Temple Drama Club offers ‘Chronicle’ of local life

Will Wildes (left) accuses Nancy Moore’s Mayor Wilson of “killing” the internet.

Will Wildes (left) accuses Nancy Moore’s Mayor Wilson of “killing” the internet. STAFF PHOTO BY CAMERON CASHMAN

Will Wildes (left) expresses anger over losing the internet in “The Day the Internet Died.”

Will Wildes (left) expresses anger over losing the internet in “The Day the Internet Died.” STAFF PHOTO BY CAMERON CASHMAN

Dan Cournoyer and Julie McAdoo rehearse a section of “The Day the Internet Died.”

Dan Cournoyer and Julie McAdoo rehearse a section of “The Day the Internet Died.” STAFF PHOTO BY CAMERON CASHMAN

Dan Cournoyer and Julie McAdoo rehearse a section of “The Day the Inernet Died.”

Dan Cournoyer and Julie McAdoo rehearse a section of “The Day the Inernet Died.” STAFF PHOTO BY CAMERON CASHMAN

Temple Drama Club President Steve Cullinan directs actors for “The Day the Internet Died.”

Temple Drama Club President Steve Cullinan directs actors for “The Day the Internet Died.” STAFF PHOTO BY CAMERON CASHMAN

The Temple Drama Club rehearses for its upcoming performance.

The Temple Drama Club rehearses for its upcoming performance. STAFF PHOTO BY CAMERON CASHMAN

Nancy Moore rehearses for her part as Mayor Wilson in “The Day the Internet Died.”

Nancy Moore rehearses for her part as Mayor Wilson in “The Day the Internet Died.” STAFF PHOTO BY CAMERON CASHMAN

Props for “The Temple Chronicle” segment, which will take a humorous look at life in Temple.

Props for “The Temple Chronicle” segment, which will take a humorous look at life in Temple. STAFF PHOTO BY CAMERON CASHMAN

Members of a small town, portrayed by the Temple Drama Club, complain to Nancy Moore’s Mayor Wilson about the disruption of the town’s internet service in “The Day the Internet Died.”

Members of a small town, portrayed by the Temple Drama Club, complain to Nancy Moore’s Mayor Wilson about the disruption of the town’s internet service in “The Day the Internet Died.” STAFF PHOTO BY CAMERON CASHMAN

Temple Drama Club President Steve Cullinan and member Robin Downs discuss the direction of “The Day the Internet Died.”

Temple Drama Club President Steve Cullinan and member Robin Downs discuss the direction of “The Day the Internet Died.” STAFF PHOTO BY CAMERON CASHMAN

By CAMERON CASHMAN

Monadnock Ledger-Transcript

Published: 05-08-2024 12:06 PM

The Temple Drama Club returns to the Town Hall stage this year for its second production after taking three years off for the COVID-19 pandemic.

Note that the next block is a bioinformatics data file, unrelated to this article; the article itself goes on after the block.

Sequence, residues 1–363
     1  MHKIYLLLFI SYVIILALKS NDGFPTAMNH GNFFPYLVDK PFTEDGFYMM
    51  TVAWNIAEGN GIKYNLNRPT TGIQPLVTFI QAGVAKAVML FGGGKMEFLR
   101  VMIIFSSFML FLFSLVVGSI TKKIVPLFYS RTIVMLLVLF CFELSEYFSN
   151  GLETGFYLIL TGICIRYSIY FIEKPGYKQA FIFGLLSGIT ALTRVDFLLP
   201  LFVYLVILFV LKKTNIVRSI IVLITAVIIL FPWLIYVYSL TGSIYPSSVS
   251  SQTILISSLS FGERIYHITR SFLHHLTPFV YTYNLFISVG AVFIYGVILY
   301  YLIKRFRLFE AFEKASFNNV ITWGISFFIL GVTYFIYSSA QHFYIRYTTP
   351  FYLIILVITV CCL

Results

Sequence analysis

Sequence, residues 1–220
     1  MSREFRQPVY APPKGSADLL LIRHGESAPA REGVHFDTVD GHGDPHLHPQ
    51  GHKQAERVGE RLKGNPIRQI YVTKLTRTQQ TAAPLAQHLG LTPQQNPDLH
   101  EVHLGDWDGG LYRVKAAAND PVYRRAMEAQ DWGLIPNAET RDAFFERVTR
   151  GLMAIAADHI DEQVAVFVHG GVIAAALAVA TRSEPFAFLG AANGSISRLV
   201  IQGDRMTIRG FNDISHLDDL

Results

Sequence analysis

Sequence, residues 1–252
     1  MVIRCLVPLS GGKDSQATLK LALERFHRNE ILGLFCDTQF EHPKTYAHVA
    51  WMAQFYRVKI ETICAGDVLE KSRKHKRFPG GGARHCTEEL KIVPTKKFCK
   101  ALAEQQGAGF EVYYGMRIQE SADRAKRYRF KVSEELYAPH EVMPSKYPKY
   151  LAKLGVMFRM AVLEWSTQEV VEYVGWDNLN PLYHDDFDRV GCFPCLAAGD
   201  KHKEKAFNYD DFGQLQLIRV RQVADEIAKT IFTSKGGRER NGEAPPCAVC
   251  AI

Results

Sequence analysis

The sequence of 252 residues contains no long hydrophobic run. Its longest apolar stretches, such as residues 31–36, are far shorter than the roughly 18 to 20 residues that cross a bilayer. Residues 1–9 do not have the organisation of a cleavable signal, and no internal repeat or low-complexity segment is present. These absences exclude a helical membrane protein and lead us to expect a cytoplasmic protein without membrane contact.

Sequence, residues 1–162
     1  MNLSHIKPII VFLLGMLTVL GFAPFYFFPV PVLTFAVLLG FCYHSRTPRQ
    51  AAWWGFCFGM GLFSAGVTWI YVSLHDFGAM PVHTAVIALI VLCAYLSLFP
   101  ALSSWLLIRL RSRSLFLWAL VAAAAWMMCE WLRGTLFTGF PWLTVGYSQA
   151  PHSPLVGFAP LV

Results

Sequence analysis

Steve Cullinan, who joined the club in the mid-1980s and became its president in 2000, said that last year’s production “went pretty well,” and the group was excited to be back on stage.

“We took three years off for COVID,” Cullinan said. “It’s just good to get back in the routine.”

Since the club’s formation in 1970, productions have typically followed a two-act structure, and this year is no different.

“Act 1 will take a slightly fun view of life in Temple,” Cullinan explained. “Act 2 is a look at the foibles of internet use.”

The first act includes the long-running “Temple Chronicle” segment, this year featuring The Drama Queens, which Cullinan described as a “slightly twisted, fun view of local happenings.” Also included in the first act of the show is a short play called “Is Uncle Seamus Here?” which explores the life and times of the O’Shea family as they navigate life in Temple. Both segments were written by Reenie and Steve Cullinan, with Julie McAdoo and the rest of the cast contributing to “The Temple Chronicle.” The first act is directed by Steve Cullinan.

As with previous years, the second act features a professionally written play. This year’s second act is called “The Day the Internet Died” and was written by Ian McWethy and Jason Pizzarello, and published by Stage Partners. Directed by Robin Downes, “The Day the Internet Died” is described as “a funny, insightful look into what happens when the internet goes down for a week in a small town.

The Temple Drama Club has performances scheduled for May 17 and 18 at 8 p.m. at Temple Town Hall. Recommended donation is $5, with proceeds donated to local causes.

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